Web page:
Steven Duby (Divine Simplicity) addresses the sort of argument I offered in yesterday’s post. I quote a long paragraph (p. 148), with comments interspersed.
“One might contend,” Duby writes, “for a divine complexity that is necessary and irrevocable with no risk of divisibility. Such a hypothesis elicits several comments. First, complexity cannot be absolutely necessary but, at beast, hypothetically necessary. For the amalgamation of parts arises from an antecedent determination about those parts.” He quotes Thomas (Summa contra gentiles) in support: “if there is composition, it is from many; but, things which are many according to themselves, would not convene into one unless they were united by something composing.”
But the only way we know that parts are amalgamated by an antecedent determination is because that’s the way composite created things are composed. Thomas’s argument makes the same assumption: Multiple things are made into one only by a composing something; if the Lord were many, then He would be self-composing, and thus, impossibly, prior to Himself. But how do we know that divine multiples (e.g., multiple attributes) become one only by being united by a composer? As I said yesterday, the argument only works if “composite” is understood univocally; since “composite” as applied to created things cannot be attributed to the Lord, the term cannot be used at all. But why can’t “composite” be used analogically?
Duby continues: “Nor could a divine self-composition be enfolded into the absolute necessity of God’s self-willing. For if would required that God should cause himself to be what he is instead of simply delighting in his own goodness and perfection as in a tradition account of the divine will.”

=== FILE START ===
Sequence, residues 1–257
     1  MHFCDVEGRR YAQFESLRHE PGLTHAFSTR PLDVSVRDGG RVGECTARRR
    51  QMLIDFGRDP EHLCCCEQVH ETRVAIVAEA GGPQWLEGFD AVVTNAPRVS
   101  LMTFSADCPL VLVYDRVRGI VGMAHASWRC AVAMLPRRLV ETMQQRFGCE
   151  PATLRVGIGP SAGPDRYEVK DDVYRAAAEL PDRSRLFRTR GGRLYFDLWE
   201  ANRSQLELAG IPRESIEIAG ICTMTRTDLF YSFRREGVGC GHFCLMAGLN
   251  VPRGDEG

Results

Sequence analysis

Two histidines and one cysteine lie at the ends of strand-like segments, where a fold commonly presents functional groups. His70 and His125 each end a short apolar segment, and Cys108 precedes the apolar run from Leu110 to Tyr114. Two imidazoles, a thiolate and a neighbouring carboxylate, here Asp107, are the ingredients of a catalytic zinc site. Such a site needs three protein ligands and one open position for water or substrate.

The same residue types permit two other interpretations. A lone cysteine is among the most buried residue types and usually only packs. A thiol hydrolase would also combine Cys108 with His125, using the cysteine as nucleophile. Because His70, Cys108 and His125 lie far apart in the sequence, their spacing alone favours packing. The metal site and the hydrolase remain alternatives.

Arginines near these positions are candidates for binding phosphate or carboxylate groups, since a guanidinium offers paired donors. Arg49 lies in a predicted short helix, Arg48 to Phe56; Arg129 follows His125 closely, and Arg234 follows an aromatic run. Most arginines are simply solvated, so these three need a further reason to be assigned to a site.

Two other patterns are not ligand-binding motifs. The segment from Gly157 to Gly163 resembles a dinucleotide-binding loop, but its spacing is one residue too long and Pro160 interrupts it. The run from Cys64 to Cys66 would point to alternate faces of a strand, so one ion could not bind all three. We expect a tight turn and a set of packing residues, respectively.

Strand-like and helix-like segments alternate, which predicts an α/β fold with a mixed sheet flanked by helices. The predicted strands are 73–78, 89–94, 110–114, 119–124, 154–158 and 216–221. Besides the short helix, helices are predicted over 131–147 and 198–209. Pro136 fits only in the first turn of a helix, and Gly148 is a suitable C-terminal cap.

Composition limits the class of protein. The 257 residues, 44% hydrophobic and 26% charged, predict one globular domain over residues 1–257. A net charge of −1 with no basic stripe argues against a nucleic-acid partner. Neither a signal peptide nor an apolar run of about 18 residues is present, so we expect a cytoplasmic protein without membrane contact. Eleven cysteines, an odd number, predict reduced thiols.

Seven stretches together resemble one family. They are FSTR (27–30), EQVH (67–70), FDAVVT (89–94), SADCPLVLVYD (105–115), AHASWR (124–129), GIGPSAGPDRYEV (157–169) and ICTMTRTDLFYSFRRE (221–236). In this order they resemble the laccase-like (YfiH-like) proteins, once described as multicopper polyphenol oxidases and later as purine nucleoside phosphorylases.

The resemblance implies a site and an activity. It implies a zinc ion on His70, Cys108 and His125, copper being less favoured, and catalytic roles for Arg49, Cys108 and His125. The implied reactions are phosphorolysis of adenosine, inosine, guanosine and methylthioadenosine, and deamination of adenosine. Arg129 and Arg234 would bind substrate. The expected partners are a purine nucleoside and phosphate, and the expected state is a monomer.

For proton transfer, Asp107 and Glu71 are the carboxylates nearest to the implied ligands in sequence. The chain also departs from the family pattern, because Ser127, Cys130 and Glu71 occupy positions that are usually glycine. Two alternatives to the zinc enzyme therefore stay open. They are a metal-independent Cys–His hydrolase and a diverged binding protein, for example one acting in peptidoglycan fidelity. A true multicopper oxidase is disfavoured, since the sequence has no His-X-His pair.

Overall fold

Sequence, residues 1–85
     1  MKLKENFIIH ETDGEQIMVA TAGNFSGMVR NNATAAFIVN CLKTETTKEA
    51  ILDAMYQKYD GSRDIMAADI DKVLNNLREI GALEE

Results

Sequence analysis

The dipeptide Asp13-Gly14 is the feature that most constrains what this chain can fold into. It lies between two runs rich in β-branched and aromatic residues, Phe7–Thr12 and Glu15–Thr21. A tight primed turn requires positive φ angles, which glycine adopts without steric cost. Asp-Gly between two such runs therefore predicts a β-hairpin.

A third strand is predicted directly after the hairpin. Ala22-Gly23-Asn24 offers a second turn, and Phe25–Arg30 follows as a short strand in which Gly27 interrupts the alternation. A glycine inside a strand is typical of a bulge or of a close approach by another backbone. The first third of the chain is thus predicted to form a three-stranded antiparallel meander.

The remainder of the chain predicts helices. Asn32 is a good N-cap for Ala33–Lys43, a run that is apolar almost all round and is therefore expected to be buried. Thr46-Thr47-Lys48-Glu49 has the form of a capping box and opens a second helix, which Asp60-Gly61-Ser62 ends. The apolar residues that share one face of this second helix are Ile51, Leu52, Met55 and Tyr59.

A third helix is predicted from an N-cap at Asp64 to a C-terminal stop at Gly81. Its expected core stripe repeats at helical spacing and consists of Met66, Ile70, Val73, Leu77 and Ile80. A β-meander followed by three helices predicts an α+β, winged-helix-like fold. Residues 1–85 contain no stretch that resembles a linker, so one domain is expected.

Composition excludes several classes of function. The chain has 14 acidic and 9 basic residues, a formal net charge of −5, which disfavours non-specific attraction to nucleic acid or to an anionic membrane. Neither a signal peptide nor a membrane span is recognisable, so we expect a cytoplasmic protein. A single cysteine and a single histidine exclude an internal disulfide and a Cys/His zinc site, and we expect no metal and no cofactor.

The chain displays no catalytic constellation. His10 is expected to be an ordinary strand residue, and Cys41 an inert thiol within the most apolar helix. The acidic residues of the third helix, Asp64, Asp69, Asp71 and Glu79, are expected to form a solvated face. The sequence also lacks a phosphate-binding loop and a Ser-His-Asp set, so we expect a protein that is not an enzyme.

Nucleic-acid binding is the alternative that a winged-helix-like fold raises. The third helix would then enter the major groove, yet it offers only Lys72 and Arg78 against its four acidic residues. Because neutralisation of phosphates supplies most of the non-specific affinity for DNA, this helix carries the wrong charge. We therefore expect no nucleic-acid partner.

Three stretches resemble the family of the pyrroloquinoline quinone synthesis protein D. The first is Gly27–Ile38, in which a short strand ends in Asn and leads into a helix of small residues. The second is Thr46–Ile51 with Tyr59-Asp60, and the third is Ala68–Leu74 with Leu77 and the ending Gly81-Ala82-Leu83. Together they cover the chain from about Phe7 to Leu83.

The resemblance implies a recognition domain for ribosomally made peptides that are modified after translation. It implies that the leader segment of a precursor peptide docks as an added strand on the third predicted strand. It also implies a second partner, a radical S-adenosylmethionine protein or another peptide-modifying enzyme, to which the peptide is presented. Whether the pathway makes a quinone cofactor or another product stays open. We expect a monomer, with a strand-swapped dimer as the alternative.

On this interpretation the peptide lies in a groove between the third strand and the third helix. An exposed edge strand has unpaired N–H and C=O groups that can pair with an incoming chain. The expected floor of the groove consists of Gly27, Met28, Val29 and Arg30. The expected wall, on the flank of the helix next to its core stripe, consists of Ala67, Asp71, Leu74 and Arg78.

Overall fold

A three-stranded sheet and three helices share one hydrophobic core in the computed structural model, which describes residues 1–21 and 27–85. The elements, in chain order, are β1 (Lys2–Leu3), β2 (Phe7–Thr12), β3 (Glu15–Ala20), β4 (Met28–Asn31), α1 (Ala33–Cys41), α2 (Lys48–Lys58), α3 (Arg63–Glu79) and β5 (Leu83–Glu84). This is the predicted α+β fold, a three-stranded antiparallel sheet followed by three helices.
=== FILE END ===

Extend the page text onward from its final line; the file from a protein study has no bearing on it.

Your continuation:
Why can’t a God who is analogically “composite” delight in His own composite goodness and perfection? Why does “self-cause” need to enter into it? Again, it seems to enter because “composite” is being used univocally.Duby continues: “One could claim that parts in God just are absolutely necessarily joined together, but this would mean propping up a necessity which seems to conflict with God’s definitiveness and ultimacy by placing him under a governing ontological framework.”
Drop “necessity.” One might say that God just is the composite being that He is, without being subjected to any real or theoretical necessity.
He also argues that “this would . . . run aground on the fact that, instead of underlying things that exist, modality supervenes on the intrinsic structure of those things. God is not God because he is ens necessarium; he is ens necessarium by virtue of what he is as God.”
On the hypothetical notion of “divine composite” in view, though, the last statement would still be true. As for the first claim, about modality: This again a note of univocity. Modality supervenes on the intrinsic structure of created things; why would we assume the same of divine being? Perhaps in God, modality and intrinsic structure are equiprimordial.
As I said in yesterday’s post, I’m not advocating the notion that God is composite. I’m pushing the issue to tease out the logic of divine simplicity. If these explorations have merit, they not only suggest that the defense of simplicity requires a “moment” of univocity but also hint that “simplicity” may simply be a way of marking the Creator-creature difference.
We must say “simplicity,” it seems, just because created notions of composition can’t apply to God; “simplicity” is a marker of God’s transcendence of created metaphysical categories. If so, it’s not clear how saying “divine simplicity” marks this different any better than saying “divine composition.”